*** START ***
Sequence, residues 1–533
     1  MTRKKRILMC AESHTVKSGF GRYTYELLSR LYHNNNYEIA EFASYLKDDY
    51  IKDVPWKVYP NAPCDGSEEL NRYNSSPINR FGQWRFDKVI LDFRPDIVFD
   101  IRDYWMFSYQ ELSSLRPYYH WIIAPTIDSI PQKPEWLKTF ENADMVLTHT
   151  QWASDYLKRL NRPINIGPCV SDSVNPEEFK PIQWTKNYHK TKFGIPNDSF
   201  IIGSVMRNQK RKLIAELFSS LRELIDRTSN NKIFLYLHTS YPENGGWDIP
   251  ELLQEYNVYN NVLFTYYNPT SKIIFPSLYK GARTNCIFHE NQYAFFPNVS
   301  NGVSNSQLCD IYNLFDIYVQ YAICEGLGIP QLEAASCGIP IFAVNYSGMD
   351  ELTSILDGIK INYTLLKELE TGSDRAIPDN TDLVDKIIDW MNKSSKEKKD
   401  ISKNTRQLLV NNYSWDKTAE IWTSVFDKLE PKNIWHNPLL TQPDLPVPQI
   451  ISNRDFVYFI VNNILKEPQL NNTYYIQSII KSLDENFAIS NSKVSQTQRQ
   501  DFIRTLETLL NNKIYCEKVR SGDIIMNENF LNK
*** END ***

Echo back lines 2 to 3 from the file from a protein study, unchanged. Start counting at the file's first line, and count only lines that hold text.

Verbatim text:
     1  MTRKKRILMC AESHTVKSGF GRYTYELLSR LYHNNNYEIA EFASYLKDDY
    51  IKDVPWKVYP NAPCDGSEEL NRYNSSPINR FGQWRFDKVI LDFRPDIVFD